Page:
SCHUSTER: Researchers think that the more depressed you are, the more likely you feel pain or the less likely you are to be able to distract yourself from the pain. So treating the depression sometimes helps alleviate the pain because it gives you the energy to deal with the alternative treatment methods that they recommend.
NEWSHOUR: How did OxyContin morph from a “godsend” painkiller to a widely-abused medication?
SCHUSTER: In the late 90s when they first started promoting problems with the undertreatment of pain, they started touting OxyContin as a miracle drug for pain relief and that people would not become addicted to it and would only use it to the extent they needed to manage their pain. And it turns out, that that’s not true. Now we have the widespread abuse of prescription pain medication because you do become physically dependent. Many people become addicted to them and do become pill seeking patients and they do bounce from doctor to doctor trying to get more OxyContin. There’s also some evidence that they’re trying to decrease the OxyContin prescription has led to an increase in heroin use because heroin has similar effects and is a lot cheaper. So it turns into a game of Whack-A-Mole of trying to control this prescription pain medicines and avoid fueling a heroin epidemic.
NEWSHOUR:What steps is the FDA taking to reduce addiction to painkillers?
SCHUSTER: They’re trying to restrict access. When I first got prescriptions after the surgery, the doctor could call in a prescription to Percocet. But they can no longer do that. You have to go into the doctor’s and take the paper prescription into the pharmacy itself. It reduces fraud. It’s ironic though because the same week they put in those restrictions for Percocet and other drugs, they tightened up prescribing, but approved this prescription called Zohydro even though 11 of 13 FDA advisors disapproved because of its abuse potential. They approved it anyway. They think that it will take four to five years to make it abuse-proof. In that period, it is sure to be abused by many people.
NEWSHOUR: How do you make a drug abuse-proof?
SCHUSTER: They did it with OxyContin. When it first came out, it came as powder in a capsule so it was easy for people to take it apart and crush it, snort it, inject it. They make it now so that if you break apart the tablet, you can’t crush it and get the same effect.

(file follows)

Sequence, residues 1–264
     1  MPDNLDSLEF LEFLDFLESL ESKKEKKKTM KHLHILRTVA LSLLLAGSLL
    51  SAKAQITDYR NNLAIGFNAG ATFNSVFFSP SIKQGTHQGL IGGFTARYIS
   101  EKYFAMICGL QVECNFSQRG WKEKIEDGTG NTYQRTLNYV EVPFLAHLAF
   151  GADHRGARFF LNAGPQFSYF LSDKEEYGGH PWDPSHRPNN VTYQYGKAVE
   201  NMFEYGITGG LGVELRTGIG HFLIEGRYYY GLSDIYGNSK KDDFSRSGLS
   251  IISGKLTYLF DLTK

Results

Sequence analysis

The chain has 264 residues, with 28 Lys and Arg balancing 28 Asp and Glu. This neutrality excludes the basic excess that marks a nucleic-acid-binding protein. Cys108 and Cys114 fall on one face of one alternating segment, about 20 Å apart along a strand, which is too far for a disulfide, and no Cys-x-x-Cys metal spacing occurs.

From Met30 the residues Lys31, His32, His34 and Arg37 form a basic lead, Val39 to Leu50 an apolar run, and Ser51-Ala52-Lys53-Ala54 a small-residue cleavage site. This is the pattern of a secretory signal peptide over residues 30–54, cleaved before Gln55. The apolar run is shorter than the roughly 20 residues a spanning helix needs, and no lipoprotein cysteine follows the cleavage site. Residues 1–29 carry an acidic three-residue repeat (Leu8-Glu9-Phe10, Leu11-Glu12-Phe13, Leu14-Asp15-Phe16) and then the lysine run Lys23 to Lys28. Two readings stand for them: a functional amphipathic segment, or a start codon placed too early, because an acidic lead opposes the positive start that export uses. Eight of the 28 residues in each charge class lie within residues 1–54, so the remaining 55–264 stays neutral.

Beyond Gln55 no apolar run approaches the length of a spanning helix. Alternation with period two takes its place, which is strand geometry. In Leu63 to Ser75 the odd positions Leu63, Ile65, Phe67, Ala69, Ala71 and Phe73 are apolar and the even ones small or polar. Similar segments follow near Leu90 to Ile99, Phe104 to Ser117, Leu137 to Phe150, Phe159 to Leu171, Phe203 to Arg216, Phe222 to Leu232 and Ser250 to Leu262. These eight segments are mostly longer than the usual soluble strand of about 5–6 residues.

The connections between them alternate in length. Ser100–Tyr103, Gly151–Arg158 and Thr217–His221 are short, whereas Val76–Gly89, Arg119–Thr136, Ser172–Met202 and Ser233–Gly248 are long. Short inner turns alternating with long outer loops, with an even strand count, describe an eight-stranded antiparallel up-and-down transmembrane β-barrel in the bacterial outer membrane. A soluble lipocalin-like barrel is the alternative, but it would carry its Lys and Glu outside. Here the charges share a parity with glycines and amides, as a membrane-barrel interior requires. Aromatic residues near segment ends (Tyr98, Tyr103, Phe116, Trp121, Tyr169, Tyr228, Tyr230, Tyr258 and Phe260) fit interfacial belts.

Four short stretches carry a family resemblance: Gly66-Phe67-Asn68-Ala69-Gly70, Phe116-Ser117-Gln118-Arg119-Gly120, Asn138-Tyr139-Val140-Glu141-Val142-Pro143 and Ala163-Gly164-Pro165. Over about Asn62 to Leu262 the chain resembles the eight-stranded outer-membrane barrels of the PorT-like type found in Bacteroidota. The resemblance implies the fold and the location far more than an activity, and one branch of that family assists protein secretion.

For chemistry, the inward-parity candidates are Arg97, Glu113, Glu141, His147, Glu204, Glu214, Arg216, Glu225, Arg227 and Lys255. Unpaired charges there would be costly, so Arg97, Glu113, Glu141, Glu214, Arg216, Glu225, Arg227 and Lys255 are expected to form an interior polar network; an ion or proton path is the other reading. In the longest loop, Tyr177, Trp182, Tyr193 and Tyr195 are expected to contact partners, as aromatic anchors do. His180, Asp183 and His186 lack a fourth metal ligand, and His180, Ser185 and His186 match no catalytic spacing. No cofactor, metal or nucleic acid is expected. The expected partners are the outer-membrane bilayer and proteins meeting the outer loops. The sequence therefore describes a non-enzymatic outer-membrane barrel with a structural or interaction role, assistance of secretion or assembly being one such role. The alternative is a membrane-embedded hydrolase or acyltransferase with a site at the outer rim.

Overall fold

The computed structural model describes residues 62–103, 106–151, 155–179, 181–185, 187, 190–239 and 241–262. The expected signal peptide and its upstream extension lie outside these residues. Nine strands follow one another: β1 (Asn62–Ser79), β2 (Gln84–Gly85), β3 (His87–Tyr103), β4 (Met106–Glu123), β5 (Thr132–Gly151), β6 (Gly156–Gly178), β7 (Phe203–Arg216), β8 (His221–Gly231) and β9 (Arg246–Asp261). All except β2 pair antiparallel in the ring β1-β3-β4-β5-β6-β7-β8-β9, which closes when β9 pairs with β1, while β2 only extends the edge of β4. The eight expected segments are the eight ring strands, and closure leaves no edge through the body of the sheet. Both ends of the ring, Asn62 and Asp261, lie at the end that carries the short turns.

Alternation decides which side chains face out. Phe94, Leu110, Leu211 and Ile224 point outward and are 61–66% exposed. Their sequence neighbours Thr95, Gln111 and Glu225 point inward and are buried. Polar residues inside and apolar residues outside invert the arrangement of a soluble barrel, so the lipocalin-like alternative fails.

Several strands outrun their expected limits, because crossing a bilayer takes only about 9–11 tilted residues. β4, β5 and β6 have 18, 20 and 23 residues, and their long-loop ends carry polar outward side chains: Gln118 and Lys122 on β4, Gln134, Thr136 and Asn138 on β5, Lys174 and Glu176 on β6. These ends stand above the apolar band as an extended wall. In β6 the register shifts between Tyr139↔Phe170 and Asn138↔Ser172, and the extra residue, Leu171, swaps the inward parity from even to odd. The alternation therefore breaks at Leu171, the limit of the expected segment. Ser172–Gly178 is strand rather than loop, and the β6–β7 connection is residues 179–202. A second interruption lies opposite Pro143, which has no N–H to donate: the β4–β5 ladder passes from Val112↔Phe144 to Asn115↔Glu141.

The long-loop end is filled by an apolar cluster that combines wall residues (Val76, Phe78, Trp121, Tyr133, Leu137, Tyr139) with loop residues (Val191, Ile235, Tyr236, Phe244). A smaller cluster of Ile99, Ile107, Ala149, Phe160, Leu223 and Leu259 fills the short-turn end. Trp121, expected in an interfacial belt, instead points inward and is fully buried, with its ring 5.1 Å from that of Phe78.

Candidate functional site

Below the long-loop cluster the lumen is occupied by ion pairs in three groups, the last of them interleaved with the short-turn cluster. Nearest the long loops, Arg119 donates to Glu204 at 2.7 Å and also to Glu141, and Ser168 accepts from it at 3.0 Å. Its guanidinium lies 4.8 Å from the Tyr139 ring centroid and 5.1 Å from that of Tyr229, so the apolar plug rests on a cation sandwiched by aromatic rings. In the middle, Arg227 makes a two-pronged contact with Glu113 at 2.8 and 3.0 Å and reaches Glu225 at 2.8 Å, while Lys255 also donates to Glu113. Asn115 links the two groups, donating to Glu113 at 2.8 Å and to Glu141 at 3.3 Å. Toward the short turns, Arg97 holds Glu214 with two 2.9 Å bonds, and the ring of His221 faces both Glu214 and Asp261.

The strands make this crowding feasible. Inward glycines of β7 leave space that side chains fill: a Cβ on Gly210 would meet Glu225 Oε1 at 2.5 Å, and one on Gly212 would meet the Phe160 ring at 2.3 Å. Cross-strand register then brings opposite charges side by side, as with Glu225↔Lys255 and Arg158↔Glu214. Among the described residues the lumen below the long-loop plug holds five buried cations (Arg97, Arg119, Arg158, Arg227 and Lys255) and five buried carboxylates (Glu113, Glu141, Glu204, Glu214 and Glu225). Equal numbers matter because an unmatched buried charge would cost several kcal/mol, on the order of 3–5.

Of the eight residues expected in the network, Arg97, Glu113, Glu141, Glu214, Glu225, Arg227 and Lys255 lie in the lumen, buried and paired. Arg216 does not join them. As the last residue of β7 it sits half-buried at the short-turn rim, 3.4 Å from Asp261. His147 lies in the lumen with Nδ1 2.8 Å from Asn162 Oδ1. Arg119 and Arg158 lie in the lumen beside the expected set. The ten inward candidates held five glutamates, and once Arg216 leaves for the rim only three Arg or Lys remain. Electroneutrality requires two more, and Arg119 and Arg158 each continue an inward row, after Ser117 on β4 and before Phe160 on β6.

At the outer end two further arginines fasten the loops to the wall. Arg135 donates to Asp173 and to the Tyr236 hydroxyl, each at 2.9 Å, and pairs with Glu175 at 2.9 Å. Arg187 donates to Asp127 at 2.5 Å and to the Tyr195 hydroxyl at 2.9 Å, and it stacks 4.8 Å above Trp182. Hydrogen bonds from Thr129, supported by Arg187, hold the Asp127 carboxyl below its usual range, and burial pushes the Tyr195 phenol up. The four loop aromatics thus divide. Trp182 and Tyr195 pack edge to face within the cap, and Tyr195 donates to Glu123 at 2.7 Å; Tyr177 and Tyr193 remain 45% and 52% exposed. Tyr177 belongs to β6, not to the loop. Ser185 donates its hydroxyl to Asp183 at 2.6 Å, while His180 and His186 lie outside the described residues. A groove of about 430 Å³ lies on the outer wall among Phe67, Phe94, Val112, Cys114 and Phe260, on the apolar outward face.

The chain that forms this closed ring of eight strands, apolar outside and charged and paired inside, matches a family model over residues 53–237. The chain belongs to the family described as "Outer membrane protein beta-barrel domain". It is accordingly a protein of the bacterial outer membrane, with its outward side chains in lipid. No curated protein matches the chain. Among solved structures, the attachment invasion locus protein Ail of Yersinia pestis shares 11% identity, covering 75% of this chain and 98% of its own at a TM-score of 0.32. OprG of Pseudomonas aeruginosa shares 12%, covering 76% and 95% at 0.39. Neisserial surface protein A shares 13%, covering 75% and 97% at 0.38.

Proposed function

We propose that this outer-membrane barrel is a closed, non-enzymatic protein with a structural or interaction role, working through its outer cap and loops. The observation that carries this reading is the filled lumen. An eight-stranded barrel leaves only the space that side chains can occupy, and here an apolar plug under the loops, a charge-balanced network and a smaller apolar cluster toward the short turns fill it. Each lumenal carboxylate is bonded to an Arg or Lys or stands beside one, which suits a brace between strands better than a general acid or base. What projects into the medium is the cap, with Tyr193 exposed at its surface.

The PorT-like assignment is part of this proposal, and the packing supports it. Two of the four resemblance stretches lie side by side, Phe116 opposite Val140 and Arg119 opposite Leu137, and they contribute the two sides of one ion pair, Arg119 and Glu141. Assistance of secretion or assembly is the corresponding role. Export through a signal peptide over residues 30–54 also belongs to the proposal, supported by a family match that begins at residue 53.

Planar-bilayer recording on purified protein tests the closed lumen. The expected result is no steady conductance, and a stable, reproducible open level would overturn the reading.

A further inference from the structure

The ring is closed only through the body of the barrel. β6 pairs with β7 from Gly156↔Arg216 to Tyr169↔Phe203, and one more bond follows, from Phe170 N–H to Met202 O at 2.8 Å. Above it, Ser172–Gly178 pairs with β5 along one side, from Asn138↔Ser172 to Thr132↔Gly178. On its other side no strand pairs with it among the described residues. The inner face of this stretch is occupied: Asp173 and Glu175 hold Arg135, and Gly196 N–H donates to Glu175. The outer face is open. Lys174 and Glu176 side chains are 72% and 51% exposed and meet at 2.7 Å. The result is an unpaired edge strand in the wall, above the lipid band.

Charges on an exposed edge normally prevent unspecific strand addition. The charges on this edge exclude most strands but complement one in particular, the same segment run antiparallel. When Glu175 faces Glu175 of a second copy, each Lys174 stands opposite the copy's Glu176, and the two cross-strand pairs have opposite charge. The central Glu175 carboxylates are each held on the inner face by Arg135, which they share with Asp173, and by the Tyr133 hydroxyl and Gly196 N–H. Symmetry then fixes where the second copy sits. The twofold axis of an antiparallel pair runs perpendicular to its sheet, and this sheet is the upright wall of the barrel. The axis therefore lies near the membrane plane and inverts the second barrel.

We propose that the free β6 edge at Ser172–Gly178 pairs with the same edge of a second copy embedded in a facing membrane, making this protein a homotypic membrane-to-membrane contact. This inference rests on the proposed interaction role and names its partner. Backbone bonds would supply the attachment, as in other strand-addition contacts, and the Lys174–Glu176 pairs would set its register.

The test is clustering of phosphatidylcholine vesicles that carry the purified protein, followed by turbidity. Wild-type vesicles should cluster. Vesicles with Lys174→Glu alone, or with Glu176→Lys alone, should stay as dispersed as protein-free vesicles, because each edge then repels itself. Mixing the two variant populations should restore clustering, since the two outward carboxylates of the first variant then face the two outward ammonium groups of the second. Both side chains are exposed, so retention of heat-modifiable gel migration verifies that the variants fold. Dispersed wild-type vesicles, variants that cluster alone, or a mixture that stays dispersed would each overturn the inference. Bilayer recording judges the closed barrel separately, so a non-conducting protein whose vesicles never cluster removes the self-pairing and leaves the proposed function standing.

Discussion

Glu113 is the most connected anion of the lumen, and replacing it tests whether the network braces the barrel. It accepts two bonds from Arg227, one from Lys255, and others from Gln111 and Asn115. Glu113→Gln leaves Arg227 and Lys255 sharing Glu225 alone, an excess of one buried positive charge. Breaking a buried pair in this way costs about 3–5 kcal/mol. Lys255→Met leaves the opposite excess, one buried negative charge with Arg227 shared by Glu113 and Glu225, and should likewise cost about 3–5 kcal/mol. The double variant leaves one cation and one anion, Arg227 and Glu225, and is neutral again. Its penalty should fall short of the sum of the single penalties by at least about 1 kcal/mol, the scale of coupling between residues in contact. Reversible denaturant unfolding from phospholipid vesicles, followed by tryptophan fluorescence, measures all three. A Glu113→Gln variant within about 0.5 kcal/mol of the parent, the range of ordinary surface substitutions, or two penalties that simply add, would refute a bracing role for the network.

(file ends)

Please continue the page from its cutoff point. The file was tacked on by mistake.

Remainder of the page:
NEWSHOUR: Have you ever personally struggled with pain medication addiction?
SCHUSTER: No, I have not. Not everyone who uses Rx painkillers will become or is at risk of becoming an addict, although people do become physically dependent on the medications. For instance, if I am having a relatively good day and can get by with just Tylenol and Ibuprofen, I still have to take small doses of the pain pills, or I will experience withdrawal symptoms. This happened once, after I had a stomach bug, and it was an awful and terrifying experience.
In addition, I quit drinking alcohol in January 2013. While I am on these medications, it’s just not an option. Fortunately for me, the pain medication does not make me feel euphoric or relaxed or happy, it just blunts the pain. I also do not like the side effects, which include constipation and stomach upset. So I take as little medication as possible. When I do finally stop, I will need to be weaned from them under medical supervision.
NEWSHOUR: What kinds of problems occur at the pharmacy?
SCHUSTER: The pharmacist refused to fill my prescription because he thought it was too high a dose. He had filled the previous prescriptions and called the pain expert I was seeing and got into a debate with him over the phone. I had to go back to the pain clinic, go back to the CVS, all the while experiencing humiliation because of the pharmacist across the counter. It was a humiliating experience. It actually turned out that the reason he didn’t want to fill it was because it was a high-volume pharmacy and the DEA comes after pharmacies that sell too many opioid prescriptions. It’s that kind of thing, that constant scrutiny.
NEWSHOUR: What role did an online community have in your pain management?